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KING MACKEREL (KINGFISH)
20" minimum length (fork length); no closed season; 2 per person per day limit but is reduced to one fish in the Gulf and Atlantic when the fishery is closed to all harvest in Federal waters.
This migratory species live its entire life in the open waters of the Atlantic Ocean and Gulf of Mexico. Once fished to dangerously low levels, king mackerel have rebounded to respectable numbers. Because this is a pelagic species few details of its life history are known. Tagging studies suggest that there are two populations that visit Florida's offshore waters, one centered in the Atlantic and the other in the Gulf of Mexico.
Anglers south of Jupiter Inlet will find kingfish in the Atlantic year round. North of the inlet the fishery is restricted to the warmer months of the year. Along the lower Gulf coast the fish migrate from the keys and appear in the spring and fall. They are heading to their summer feeding grounds off the Florida panhandle. King mackerel are almost always taken in open waters, usually by boats a mile or more offshore. A few fish move close to the beach and give anglers on the ocean piers and in the surf a chance to land a big one.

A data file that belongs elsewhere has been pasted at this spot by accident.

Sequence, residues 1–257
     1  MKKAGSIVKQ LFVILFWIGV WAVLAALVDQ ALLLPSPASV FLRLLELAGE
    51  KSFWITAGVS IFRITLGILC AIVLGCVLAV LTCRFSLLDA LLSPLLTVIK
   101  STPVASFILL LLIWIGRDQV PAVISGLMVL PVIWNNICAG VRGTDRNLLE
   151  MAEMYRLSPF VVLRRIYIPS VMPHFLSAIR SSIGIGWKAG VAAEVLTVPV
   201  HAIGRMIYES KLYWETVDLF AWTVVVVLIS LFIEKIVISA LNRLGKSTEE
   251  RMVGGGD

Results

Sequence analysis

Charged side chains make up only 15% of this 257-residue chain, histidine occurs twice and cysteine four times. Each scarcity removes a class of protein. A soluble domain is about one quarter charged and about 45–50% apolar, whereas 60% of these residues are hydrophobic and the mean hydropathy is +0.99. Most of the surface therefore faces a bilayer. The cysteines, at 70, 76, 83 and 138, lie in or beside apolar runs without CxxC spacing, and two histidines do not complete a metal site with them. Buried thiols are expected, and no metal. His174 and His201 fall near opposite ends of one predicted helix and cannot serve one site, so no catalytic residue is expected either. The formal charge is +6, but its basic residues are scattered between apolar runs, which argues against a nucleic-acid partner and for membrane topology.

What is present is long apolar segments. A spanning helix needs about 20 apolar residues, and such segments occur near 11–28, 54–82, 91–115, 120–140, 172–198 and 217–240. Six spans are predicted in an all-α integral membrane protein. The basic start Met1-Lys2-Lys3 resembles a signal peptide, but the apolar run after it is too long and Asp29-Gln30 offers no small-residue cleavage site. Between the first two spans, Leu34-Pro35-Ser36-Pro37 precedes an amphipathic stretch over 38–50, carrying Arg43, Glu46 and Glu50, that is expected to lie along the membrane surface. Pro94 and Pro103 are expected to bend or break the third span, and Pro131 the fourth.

Tackle and Techniques
These strong fighting fish require tough tackle. For anglers fishing from a boat that means boat tackle with 20 pound test line or higher. This will work when trolling or drifting. Kingfish have a mouthful of sharp teeth so you'll need to use a 60-80 pound test monofilament or wire leader.
Finding these fish can be a chore. Trolling is the fastest way to cover a large area. Because the fish seldom travel close enough to the surface to sight fish for them, troll your bait well below the surface.
Small live fish are the preferred bait. Cut bait also works when drifting or trolling. A piece of whole or cut bait with a plastic skirt is often used when trolling. Large fish shaped plugs are another good trolling bait.
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